ALBUQUERQUE, N.M. — Sunday night’s "fireball" was seen across the West.
The brief but spectacular light show reported from across New Mexico Sunday night was apparently spotted as far away as Yakima, Wash., and was so vivid in Arizona that it prompted authorities to look for a downed plane near Saguaro Lake east of Phoenix.
Eyewitnesses from Tucson to Snowflake, Ariz., reported seeing a fireball streak across the night sky — with one visitor to the Pinetop-Lakeside area telling the Arizona Republic he saw a bright green, red and white object making a low swishing sound, like that of a hot-air balloon, as it moved overhead.
That happened around 10:15 p.m. Arizona time on Sunday, Scottsdale resident Kip Wachter told the Republic.
That gibes with an eyewitness account e-mailed us from a New Mexican who lives just off N.M. 14, about 5 miles south of the penitentiary, who pinpointed the sighting at 11:17 p.m. Sunday (New Mexico time).
In an e-mail to his son who lives in Arizona, he said he saw a "single bright light that could have been an airplane preparing to land at Santa Fe" that veered north, brightened and extended a long tail "as if a space shuttle were burning up."
The long light went northward toward Los Alamos and began to break up, trailing at least four pieces that also trailed light until disappearing from view, the e-mailer wrote his son.
Our e-mailer thinks the whole thing lasted about 30 seconds — "way too long to have been a meteor," said the e-mailer, who believes it was a piece of space debris.
Whether the object was space junk or a meteoroid (the flash of light itself is what’s called a meteor, the sky scientists say), those who saw the Sunday night show should count themselves lucky, Robert Lunsford of the American Meteor Society told the Arizona Republic.
Lunsford told the paper he regularly hears of similar events from eyewitnesses in both urban and rural areas around the country, but to see such an event in person takes good timing.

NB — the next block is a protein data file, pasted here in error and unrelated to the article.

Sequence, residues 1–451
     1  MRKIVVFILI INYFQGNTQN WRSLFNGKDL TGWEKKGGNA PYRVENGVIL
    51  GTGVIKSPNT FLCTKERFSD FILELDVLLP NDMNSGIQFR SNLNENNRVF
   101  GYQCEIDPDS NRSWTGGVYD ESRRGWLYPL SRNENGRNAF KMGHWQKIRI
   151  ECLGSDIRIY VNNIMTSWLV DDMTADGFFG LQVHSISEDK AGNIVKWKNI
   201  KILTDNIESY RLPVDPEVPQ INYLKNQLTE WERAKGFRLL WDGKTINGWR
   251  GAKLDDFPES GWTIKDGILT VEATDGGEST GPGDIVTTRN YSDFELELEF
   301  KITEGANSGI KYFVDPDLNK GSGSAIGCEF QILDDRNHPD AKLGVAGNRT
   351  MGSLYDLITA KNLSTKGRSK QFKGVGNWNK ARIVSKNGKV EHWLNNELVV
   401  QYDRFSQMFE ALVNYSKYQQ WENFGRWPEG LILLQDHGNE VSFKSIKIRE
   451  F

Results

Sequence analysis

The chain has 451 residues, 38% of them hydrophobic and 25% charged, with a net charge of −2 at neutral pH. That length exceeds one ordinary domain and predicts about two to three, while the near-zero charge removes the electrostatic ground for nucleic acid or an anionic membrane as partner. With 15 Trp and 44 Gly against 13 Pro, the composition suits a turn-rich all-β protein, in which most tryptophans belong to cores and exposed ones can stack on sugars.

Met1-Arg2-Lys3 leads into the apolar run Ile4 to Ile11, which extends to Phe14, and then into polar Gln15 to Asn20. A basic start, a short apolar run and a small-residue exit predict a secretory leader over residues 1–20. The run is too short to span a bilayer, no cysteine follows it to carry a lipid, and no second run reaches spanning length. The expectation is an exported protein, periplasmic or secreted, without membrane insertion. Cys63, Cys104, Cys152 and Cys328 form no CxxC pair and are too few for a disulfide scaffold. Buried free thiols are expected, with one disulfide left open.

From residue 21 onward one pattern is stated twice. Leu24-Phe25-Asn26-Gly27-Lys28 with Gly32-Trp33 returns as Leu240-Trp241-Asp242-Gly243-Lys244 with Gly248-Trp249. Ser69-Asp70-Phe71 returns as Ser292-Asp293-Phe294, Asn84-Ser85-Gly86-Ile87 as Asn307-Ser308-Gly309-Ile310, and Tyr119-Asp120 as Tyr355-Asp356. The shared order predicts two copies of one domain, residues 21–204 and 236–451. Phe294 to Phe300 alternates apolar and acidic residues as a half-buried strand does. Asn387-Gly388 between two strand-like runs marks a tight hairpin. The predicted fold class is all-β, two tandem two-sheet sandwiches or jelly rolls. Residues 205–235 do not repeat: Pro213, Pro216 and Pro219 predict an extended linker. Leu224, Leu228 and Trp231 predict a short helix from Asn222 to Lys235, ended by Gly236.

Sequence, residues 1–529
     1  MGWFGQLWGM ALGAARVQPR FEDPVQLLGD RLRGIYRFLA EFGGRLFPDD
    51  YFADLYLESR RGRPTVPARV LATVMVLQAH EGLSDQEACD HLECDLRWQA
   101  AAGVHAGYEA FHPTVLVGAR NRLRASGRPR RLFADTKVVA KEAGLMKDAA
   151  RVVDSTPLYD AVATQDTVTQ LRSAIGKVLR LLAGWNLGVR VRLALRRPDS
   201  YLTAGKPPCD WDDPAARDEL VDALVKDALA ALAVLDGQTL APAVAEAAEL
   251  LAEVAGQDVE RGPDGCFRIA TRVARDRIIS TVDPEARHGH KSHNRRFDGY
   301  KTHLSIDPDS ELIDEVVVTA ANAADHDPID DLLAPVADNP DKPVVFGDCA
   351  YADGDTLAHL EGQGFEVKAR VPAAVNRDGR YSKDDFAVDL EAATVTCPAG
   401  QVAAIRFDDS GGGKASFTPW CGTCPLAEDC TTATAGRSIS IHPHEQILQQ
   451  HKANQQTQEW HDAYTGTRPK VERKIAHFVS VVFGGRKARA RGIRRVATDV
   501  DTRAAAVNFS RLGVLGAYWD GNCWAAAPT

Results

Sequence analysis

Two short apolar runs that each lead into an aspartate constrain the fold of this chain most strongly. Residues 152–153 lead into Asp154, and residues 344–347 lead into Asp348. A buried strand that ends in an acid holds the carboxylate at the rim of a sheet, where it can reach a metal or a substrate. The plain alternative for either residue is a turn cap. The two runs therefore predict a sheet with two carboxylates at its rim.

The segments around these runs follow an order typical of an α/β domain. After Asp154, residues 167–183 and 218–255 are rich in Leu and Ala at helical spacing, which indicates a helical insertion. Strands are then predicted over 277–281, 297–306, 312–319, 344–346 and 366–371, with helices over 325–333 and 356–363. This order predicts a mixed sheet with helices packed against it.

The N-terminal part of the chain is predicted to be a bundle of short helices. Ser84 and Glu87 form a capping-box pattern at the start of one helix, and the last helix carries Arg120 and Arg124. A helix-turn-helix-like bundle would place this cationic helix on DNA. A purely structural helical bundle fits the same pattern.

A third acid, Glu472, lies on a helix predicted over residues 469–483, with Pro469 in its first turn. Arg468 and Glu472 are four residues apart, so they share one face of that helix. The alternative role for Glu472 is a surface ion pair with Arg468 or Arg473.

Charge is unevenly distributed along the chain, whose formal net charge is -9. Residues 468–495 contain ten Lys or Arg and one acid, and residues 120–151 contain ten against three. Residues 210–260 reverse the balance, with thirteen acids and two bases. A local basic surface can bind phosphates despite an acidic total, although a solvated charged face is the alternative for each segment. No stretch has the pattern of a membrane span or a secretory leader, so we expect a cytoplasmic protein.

Sunday’s event took place early enough for people to still be out and about, and the object was larger and closer to the ground — maybe as low as 50 miles up — than most so-called shooting stars, the Republic said.
In an earlier version of the Arizona Republic story, Jeffrey Hall, associate director of the Lowell Observatory in Flagstaff, said that most meteors visible from the earth occur high in the atmosphere and are about the size of a grain of dust.
"The great majority are these tiny particles moving through the atmosphere at a high rate of speed," Hall told the paper. "Larger ones tend to me moving more slowly and produce a much larger trail through the sky."
Steve Kates, a resident of Chandler, Ariz., and a science journalist known as "Dr. Sky," told the Republic that the physical description and especially the reported "whoosh-ing" noise were consistent with meteoric activity.
Kates told the paper that an object the size of a human fist could have produced Sunday’s celestial event.
There also appeared to be several sightings as far away as Yakima, Wash., though one broadcast report said calls began coming in around 9 p.m. Pacific Time — more than two hours before the New Mexico/Arizona sightings.
Check out the comments with this Longview (Wash.) Daily News account: They seem a lot more blase about sky shows in Washington state than in New Mexico or Arizona.
But maybe that 9 p.m. time isn’t so far-fetched. The New Mexican in Santa Fe contacted the National UFO Reporting Center (why didn’t we think of that?) in eastern Washington state which reported getting calls about "something in the sky" Sunday night, with most of the calls coming from Colorado.
The reports to the UFO center began with the report of a fireball over Seattle around 9:26 p.m. New Mexico time, the New Mexican said.
Other calls came in from Winslow, Ariz.; Cheyenne, Wyo.; Cascade, Colo.; Hartsel, Colo.; and Raton, the New Mexican reported.
Peter Davenport of the UFO center told the New Mexican that similar lights were reported Sunday night from Roseville, Calif.; Boulder, Colo.; Silver City and Las Cruces.